AUDIENCE MEMBER: And fried chicken.
MS. OBAMA: And fried chicken. (Laughter.) And just fried. (Laughter.) But it’s about learning about all the different ways to eat healthy and to strike those balances and to be active -– whether that means playing a sport, which many kids do, but not every kid is an athlete and they don’t have to be. Because you can get the exercise you need from walking your dog vigorously, running with your dog, doing some push-ups at home, or just playing. You know, the work that we’re talking about used to be called play. (Laughter.)
And it’s about developing healthy habits that kids will have for the rest of their lives. Because the one thing we know, why we start with kids, is kids learn. They’re not like us. They’re not stuck in time. You know, they learn something, they take it on, and it lasts forever. So we’re talking about developing lifetime skills that kids will then teach to their kids.
That’s why yesterday, the President signed an Executive Order expanding the mission of this historic Council and creating the new President’s Council on Fitness, Sports and Nutrition -- all three components. (Applause.) So we’re just broadening the scope of what we have to focus on. And this group, as Dominique mentioned, will include fitness and nutrition experts who’ve agreed to help raise awareness about how we can make our kids and our schools and our communities healthier.
This Council, as I said, is made up of everyone -- chefs, doctors, health experts, personal trainers. We’ve got our Olympic gold medalists. We’ve got a NASCAR driver. We’ve got NBA all-stars, tennis legends. We’ve got it all because we know in the end, kids listen to these heroes in so many ways.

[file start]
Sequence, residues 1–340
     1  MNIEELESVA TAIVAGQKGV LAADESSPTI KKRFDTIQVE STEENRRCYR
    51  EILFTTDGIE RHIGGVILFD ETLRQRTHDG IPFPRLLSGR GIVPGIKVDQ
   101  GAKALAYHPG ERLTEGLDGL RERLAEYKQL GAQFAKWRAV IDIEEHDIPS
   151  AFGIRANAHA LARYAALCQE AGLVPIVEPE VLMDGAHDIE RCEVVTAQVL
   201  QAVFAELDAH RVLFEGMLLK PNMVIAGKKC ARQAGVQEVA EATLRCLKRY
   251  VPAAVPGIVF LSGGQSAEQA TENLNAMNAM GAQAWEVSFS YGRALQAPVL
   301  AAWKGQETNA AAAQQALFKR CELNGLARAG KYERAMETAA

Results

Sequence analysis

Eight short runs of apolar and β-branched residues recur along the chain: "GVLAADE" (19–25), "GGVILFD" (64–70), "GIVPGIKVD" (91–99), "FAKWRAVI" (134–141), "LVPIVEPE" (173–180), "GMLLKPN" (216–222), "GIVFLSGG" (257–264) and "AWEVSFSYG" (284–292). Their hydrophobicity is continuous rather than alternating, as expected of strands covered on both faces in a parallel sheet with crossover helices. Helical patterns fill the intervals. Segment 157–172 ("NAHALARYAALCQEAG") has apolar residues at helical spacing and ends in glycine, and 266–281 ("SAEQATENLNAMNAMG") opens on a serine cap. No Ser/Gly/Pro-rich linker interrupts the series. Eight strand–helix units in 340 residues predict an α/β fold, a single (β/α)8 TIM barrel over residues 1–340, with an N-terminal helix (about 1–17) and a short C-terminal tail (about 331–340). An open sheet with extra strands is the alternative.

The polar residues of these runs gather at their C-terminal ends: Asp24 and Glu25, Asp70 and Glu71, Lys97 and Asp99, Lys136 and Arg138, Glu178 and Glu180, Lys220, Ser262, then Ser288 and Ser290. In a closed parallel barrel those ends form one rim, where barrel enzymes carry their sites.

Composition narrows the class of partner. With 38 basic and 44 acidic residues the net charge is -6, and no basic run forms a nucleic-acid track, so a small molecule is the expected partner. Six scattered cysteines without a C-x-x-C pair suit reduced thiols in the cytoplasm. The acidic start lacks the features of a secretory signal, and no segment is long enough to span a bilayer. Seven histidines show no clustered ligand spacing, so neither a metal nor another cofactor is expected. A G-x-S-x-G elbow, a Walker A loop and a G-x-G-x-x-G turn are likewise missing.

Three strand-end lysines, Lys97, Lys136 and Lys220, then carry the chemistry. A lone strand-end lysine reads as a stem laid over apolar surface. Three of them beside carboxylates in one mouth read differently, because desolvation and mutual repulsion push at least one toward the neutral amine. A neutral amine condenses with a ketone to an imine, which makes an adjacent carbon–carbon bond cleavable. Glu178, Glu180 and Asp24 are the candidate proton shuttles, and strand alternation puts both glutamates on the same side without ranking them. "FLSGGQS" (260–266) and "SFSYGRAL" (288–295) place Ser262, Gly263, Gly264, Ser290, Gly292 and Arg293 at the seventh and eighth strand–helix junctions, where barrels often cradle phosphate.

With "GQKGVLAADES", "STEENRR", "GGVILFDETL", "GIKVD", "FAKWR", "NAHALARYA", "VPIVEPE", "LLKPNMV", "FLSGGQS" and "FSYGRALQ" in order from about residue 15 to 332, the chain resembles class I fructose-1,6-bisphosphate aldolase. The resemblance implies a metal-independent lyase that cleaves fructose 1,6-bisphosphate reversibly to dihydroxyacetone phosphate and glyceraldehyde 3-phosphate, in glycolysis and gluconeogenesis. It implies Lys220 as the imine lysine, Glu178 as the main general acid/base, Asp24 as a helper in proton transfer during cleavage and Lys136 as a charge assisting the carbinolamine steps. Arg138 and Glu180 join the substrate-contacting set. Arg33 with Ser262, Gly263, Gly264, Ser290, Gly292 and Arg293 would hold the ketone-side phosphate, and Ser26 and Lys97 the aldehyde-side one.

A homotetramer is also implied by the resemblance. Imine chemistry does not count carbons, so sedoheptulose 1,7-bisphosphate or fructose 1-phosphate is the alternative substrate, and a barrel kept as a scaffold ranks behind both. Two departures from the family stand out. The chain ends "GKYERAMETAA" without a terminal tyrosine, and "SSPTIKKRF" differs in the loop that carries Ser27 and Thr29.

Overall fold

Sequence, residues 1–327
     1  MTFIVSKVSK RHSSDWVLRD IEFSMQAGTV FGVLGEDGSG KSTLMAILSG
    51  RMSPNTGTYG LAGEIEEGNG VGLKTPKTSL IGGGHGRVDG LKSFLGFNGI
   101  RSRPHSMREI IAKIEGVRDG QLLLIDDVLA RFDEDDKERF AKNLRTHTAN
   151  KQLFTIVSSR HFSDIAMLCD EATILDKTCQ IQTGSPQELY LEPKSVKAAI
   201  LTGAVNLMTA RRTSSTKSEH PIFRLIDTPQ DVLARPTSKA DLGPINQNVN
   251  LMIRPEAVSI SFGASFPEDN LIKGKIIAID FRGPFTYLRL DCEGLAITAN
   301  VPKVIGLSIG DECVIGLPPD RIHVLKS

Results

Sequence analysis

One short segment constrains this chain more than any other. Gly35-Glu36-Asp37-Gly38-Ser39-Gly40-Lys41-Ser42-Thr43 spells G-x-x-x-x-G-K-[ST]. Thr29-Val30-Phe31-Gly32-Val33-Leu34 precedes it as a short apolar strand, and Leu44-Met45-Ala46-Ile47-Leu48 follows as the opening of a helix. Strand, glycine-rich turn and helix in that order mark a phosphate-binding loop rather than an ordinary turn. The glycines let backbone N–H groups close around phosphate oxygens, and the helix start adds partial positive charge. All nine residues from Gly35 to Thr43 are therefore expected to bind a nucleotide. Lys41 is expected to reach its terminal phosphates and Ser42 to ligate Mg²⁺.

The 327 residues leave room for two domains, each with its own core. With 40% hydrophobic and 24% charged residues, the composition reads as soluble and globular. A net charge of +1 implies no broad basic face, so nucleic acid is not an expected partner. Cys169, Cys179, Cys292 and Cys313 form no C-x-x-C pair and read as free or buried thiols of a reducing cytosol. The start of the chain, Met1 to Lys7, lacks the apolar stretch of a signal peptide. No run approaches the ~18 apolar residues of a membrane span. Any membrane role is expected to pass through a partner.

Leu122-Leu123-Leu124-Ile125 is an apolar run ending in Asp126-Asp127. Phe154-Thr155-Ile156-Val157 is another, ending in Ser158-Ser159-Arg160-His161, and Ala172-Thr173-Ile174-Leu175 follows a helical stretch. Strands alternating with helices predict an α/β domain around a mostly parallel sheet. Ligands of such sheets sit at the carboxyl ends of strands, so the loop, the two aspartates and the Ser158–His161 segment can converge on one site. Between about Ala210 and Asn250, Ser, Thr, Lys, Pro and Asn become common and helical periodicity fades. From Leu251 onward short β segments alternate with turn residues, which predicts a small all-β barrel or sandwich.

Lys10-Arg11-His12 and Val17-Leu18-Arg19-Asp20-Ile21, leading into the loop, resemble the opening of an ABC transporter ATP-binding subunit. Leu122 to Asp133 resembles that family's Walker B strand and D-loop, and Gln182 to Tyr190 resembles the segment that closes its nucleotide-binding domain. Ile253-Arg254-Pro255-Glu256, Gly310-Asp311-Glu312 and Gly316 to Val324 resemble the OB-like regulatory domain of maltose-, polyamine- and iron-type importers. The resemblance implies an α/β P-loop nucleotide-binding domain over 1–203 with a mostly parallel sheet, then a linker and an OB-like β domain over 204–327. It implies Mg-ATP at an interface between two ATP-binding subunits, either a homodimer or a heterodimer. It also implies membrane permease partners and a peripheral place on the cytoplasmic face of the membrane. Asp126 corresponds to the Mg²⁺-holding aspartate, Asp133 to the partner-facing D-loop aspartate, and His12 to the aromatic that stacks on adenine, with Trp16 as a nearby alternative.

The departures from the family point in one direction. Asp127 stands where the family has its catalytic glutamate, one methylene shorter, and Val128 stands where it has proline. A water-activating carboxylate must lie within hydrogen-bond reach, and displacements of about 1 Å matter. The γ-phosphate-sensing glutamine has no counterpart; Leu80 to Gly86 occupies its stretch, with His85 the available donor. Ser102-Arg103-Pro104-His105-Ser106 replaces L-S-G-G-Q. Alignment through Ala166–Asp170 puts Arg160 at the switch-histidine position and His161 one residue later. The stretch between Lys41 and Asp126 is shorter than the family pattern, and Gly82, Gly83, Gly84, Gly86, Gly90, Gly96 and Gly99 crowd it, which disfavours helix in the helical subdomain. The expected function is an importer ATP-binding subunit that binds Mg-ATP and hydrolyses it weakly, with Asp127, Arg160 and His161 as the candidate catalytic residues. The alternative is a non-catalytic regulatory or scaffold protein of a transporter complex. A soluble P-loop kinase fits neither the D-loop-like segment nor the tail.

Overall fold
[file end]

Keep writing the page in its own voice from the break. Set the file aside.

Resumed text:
And those are just a few of the 25 men and women who will be donating their time and expertise to this cause. It’s just more people coming on and making “Let’s Move” a broader and stronger campaign.
Together, they’re committed to working with government and the private sector -– that’s businesses, schools and nonprofits –- to help kids everywhere learn about healthy eating and the importance of being active each and every single day.
And we’re broadening the mission of the Council so that we can make a bigger difference -– focusing on what -- not just what you do with your bodies, but what you put in your bodies. We all know, if we’re focused on our fitness, it is not enough just to exercise -- you have to focus on diet. I still struggle with that. At 46 years old, if I want to lose some weight, I can work out as much as I want to -- right, Mayor? -- but you got to have that balance of food to really cut the fat. So we’re really excited about this broader mission.